March 20, 2004 - Shawnee News-Star: Namibia RPCV Fern Holland remembered in memorial

Peace Corps Online: Directory: Namibia: Special: Namibia RPCV Fern Holland put her life on the line for Iraqi Women: March 20, 2004 - Shawnee News-Star: Namibia RPCV Fern Holland remembered in memorial

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Namibia RPCV Fern Holland remembered in memorial

Namibia RPCV Fern Holland remembered in memorial

Namibia RPCV Fern Holland remembered in memorial

Activist remembered in memorial
Associated Press Writer

TULSA, Okla. (AP) -- The friends of slain human rights activist Fern Holland remembered her in life Friday as a star attorney, a passionate fireball, a teacher and a fighter of injustice.

And the Rev. Marlin Lavanhar summed up her death: "This is truly an international loss."

Several hundred people gathered at All Souls Unitarian Church to mourn the 33-year-old former Tulsa lawyer who was assassinated March 9 in Iraq, where she was working to help women achieve basic rights.

Holland was remembered for her beauty, her bravery, her intelligence, her love for life and the people whose lives she was trying to improve.

"Everywhere she went she brought light where there was darkness," said her friend and fellow lawyer Stephen Rodolf.

Holland, another American civilian and a translator were slain by Iraqi gunmen near Hillah, 35 miles south of Baghdad. The two civilians were the first Americans working for the U.S. occupation authority to be killed in Iraq.

As a member of the Coalition Provisional Authority, Holland had opened women's centers in Iraq, arranged conferences and helped write part of the country's interim constitution.

"She was very concerned the women in south central Iraq were going to be forgotten," said her friend, B.A. Rudolph.

She was proud of the fact the constitution guaranteed women at least 25 percent of the seats in the new government. But "she wanted 60 (percent) and she wanted everyone to know she wanted 60," Rudolph said to laughter.

Holland grew up in Miami in northeastern Oklahoma. A 1996 graduate of the University of Tulsa College of Law, she worked at two law firms in Tulsa and became known as a tough litigator.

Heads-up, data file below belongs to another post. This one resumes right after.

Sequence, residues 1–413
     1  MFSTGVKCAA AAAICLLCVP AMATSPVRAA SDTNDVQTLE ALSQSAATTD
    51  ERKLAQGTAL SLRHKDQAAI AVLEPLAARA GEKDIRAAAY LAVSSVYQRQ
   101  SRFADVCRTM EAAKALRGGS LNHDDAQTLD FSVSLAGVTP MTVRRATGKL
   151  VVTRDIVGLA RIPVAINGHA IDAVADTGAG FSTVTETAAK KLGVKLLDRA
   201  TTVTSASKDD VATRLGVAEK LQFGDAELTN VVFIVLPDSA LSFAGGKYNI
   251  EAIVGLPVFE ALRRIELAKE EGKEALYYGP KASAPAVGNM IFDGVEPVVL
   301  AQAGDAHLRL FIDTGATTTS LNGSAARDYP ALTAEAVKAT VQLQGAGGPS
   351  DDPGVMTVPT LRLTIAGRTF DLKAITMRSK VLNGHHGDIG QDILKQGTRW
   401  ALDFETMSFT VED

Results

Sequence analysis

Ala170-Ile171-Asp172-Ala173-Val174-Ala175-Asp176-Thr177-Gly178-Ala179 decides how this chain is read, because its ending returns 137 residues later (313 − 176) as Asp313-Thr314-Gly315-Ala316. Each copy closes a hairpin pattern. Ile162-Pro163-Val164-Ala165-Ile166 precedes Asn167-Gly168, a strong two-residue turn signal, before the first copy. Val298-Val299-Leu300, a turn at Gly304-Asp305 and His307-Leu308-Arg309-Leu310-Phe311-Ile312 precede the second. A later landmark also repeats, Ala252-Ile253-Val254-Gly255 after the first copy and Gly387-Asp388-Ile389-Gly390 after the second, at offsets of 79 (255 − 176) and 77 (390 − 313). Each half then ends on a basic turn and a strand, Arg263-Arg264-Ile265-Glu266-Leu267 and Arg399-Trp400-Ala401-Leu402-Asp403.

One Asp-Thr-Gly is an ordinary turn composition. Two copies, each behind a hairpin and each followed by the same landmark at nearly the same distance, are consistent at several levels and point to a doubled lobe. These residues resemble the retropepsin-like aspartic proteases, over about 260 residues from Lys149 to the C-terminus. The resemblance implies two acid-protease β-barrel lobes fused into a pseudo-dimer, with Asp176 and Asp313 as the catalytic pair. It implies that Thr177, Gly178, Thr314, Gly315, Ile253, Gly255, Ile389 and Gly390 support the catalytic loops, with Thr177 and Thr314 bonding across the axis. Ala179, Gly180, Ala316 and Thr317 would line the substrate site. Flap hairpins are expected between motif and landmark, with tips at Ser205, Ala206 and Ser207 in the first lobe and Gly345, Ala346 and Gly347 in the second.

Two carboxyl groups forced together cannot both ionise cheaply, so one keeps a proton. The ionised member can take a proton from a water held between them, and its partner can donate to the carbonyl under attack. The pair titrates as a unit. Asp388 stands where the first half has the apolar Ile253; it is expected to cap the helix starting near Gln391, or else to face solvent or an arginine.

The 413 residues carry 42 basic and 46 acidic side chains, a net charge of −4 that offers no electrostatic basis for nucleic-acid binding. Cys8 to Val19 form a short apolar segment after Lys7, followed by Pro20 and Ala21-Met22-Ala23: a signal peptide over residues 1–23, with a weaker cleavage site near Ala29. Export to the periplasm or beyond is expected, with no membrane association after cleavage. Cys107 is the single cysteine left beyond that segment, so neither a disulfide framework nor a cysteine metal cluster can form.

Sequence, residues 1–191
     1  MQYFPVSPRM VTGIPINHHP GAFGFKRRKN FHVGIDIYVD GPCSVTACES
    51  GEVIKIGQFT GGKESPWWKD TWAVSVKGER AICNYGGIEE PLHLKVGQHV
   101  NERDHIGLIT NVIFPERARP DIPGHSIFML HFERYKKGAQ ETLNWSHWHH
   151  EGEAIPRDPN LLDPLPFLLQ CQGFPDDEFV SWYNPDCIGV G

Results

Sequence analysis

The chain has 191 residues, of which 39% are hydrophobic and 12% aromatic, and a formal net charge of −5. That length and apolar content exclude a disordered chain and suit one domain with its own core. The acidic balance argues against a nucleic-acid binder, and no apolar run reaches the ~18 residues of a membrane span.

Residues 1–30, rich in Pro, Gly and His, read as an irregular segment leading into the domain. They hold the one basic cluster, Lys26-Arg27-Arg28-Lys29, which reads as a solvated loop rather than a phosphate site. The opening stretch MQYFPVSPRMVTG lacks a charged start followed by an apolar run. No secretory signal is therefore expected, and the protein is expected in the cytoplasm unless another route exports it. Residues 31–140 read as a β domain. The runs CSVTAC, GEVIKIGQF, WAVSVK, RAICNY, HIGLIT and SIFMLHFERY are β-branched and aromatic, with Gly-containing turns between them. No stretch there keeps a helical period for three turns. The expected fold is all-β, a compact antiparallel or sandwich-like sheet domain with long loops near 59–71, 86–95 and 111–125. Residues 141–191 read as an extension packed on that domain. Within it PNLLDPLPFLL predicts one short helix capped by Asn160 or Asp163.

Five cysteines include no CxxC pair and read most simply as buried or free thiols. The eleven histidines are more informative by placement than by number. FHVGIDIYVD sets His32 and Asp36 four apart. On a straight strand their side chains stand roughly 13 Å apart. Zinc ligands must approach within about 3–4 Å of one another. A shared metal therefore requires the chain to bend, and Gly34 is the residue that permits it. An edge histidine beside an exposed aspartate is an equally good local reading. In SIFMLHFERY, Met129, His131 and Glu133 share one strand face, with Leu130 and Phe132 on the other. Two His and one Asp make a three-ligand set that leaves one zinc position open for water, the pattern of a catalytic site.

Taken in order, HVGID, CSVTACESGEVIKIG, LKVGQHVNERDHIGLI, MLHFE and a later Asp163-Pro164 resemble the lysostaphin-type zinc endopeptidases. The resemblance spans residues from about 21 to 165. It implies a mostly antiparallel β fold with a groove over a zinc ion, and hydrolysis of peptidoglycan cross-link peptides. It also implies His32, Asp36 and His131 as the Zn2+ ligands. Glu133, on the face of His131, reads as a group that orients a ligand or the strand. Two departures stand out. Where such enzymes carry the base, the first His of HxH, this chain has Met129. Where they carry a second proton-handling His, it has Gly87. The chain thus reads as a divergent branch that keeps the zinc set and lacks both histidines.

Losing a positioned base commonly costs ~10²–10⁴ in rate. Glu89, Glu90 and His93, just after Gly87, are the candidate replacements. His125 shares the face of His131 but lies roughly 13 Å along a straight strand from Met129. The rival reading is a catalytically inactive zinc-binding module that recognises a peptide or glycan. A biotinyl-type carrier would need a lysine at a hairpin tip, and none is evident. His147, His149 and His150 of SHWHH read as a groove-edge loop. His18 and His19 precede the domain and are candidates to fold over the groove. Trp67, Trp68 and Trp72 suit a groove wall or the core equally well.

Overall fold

But fellow lawyer Jim Green said Holland had other ambitions and joined the Peace Corps in 2000, traveling to Namibia.

Later, she returned to West Africa to investigate atrocities against refugee women and children and set up legal aid clinics to help them.

One of the clinics has been renamed in her honor, Green said.

"In her 33 years, Fern did it all," he said. "She died doing precisely what she wanted to do."

During the memorial service, U.S. Army officials presented Holland's family with the Defense of Freedom medal, the civilian equivalent of the military's Purple Heart.

"Fern lived a life that left a better place for all of us," said Sandra Riley, assistant to the Secretary of the Army.

Cherokee Chief Chad Smith also recognized Holland, a member of the tribe, as a "Cherokee warrior" who died fighting for her beliefs. He said he brought his children to the service so they could come to know "a true Cherokee hero."

Lavanhar urged mourners not to let Holland's murder fill them with bitterness or a desire for revenge because "that is not what Fern would want."

Green summed up his friend's approach to life in quoting Robert F. Kennedy: "Each time a person stands up for an ideal, or acts to improve the lot of others, or strikes out against injustice, he sends forth a tiny ripple of hope, and crossing each other from a million different centers of energy and daring, these ripples build a current that can sweep down the mightiest walls of oppression and resistance."

"Fern," Green said, "was our ripple."

Holland is survived by brothers James Holland of Overland Park, Kan., and Joe Holland of Cleveland, and sisters Vi Holland and Mary Ann Dunn of Oklahoma City.

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Story Source: Shawnee News-Star

This story has been posted in the following forums: : Headlines; COS - Namibia; Obituaries; Iraq; Women's Issues



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